“I am a child.
I come to you, a teacher.
I bring a whisper
Can you hear the poem in it?
Will you tell me what to think,
Or show me how?
Will you teach me answers,
Or the symmetry of a question well composed?”
– Carol Ann Tomlinson, I am child.
Welcome back to my review of the 2016 iteration of the FutureSchools conference, where we are now on the final day. If you missed the previous article, you can find it here. The opening speaker for day three of the ClassTech conference stream at FutureSchools was Peggy Sheehy (@PeggySheehy) speaking under the title The Game Plan, and which I gathered from the agenda was a talk focusing on Gamification and game-based learning in education, a topic which I think has some interesting potential within the education sphere, but which is not on my radar at the present moment. I do need to make it clear from the outset that I did not know Peggy at all, and that I did have a number of takeaways from her presentation, but the fact that she disregarded her two-minute warning, and ended up finishing fifteen minutes overtime engendered a lot of anger and frustration in the room towards her. That said, I do feel that she had some significant things to say.
Peggy opened with a snippet of a poem from Carol Tomlinson, which I have sourced online and included above. Peggy reminded us there are many children who enter our classroom feeling, for a variety of reasons, as though they are less than their peers and that she finds it odd that there are so many education conferences, with big-name keynote speakers, yet with so little representation from the core of the industry, the students. This is not a universal truth, yet it does hold a lot of weight, and this video below is the result of students creating a keynote address for the Net Generation Education Project.
The video went viral very quickly, and Alan November (@globalearner) apparently told the group that if they shortened it to three minutes from the original length of just under six minutes, then he would viralise it world wide. The students eventual response was apparently that “….teachers expect us to sit through six hours of school, they can sit through a six-minute film.” This triggered a memory for me, of the time I recorded one of my teaching sessions, a forty-five minute session with a class of Stage Two students and how horrified I was when I realised how much talking I had done. We do, often, talk far too much as teachers.
Peggy made the point that students, outside of school, are playing Minecraft, Assassin’s Creed, Call of Duty, World of Warcraft and a multitude of other high-quality games, yet we, as teachers, often get excited by something as low-tech as Classroom Jeopardy. This goes back to Stephen Lethbridge’s point that so much of what ends up in educational contexts, as a result of being popular in mainstream society, is a watered down version of the original concept that our students do not engage with in the same way that they would a high quality game.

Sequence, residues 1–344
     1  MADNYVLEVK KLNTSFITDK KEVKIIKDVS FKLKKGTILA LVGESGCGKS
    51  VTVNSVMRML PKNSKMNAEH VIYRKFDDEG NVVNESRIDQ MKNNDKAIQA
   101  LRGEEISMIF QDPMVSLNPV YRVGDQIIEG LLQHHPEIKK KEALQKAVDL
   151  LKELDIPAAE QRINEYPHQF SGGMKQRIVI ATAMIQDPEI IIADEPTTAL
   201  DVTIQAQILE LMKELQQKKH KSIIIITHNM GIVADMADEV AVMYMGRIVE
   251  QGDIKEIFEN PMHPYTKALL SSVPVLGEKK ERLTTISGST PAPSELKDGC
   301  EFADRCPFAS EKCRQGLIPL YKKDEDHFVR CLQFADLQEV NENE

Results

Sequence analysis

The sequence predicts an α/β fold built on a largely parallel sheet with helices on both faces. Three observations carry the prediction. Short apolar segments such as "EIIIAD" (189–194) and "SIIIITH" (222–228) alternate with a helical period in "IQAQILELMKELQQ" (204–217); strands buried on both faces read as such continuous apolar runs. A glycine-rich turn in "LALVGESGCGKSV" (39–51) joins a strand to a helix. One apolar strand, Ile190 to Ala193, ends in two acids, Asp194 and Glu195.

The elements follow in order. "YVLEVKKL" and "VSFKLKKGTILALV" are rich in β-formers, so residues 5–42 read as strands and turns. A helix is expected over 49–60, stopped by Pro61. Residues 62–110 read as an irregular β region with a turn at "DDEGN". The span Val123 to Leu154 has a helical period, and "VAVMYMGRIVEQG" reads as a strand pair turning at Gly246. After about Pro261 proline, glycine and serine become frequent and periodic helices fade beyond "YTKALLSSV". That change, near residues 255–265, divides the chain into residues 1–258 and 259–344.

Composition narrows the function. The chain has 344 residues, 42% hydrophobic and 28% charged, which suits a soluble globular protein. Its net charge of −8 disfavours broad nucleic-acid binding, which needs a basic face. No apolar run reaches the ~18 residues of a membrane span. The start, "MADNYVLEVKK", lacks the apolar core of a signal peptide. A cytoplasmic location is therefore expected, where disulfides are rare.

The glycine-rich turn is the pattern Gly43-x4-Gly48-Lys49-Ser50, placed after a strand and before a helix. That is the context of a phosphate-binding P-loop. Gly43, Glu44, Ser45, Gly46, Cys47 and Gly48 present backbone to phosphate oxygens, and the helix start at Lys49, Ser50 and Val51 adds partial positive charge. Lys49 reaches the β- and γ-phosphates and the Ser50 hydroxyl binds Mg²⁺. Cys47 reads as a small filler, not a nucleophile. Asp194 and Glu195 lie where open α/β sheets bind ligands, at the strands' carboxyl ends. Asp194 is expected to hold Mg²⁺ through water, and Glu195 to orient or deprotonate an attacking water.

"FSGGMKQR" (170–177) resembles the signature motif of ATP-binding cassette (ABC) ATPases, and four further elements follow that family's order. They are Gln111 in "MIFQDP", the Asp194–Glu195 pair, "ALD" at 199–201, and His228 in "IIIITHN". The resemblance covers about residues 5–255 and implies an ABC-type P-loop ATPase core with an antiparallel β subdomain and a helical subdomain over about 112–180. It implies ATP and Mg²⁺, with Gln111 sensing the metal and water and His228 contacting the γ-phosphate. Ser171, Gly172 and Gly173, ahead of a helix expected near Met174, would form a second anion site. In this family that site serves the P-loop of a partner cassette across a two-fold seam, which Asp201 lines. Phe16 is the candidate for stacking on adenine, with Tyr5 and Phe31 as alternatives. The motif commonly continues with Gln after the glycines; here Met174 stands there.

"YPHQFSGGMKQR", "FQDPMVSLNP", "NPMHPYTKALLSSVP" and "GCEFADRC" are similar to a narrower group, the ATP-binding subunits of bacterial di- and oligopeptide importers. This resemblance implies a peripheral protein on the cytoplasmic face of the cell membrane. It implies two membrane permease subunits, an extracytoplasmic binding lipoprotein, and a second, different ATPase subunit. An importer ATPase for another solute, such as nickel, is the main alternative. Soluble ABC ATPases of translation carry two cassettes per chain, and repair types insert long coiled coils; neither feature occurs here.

Peggy brought up the point that smart phones these days are more powerful computers than those which sent man to the moon, yet we tell students to leave them in their bags, depriving them and us of a potentially powerful learning tool, a point which I heard Richard Byrnes make in his keynote at FutureSchools last year. Peggy reminded us that the now common four-colour pen and calculators both used to be items which were commonly prohibited in classrooms.
Switching concepts, Peggy stated that we “…need to stop the corporate handover of public schools…” and allow teachers to teach, a sentiment that I suspect Gary Stager (@GaryStager), with his frustration with educational corporations such as Pearson, would agree.
Peggy continued by saying that educational game designers need to forget everything they know about school, and that when designing games, they need to know the content just as well as they know the gaming structure, with the only company whose educational games she had confidence in was Filament Games (@FilamentGames). She quoted John Paul Gee as having said that we need to “…stop asking if games belong in schools, but which games belong in schools.”
It was at this point that we were beyond the time for Peggy’s presentation, and she continued to speak, giving us a Marc Prensky quote (“…don’t bother me now mum, I’m learning”) and invoking Seymour Papert, who apparently called computers “…the children’s machine.” The next quote, from John Seely Brown was an intriguing one for me, as someone whose wife was a long time player of the World of Warcraft game, he has apparently been quoted as saying “I’d rather hire a high-end World of Warcraft raid leader than a Harvard graduate; the raid-leader has the skills I need them to have.” The next statement was something I certainly agreed with, and I managed to get a quick picture of the slide.
Peggy next spoke about responses she had from teachers to the question “what do educational game designers need to know?” There were a number of insightful and thought-provoking responses, but this particular response was the one which generated the most discussion at my table afterwards.
Peggy reminded us that game designers are the modern-day bards and storytellers and that we need to demand more from them. Her final point was that the Jenkins Report found that while youth video game was significantly up, youth violence rates were down. I have been unable to find this report online to link to. If you find it, please send me the link via the comments section or via a Tweet.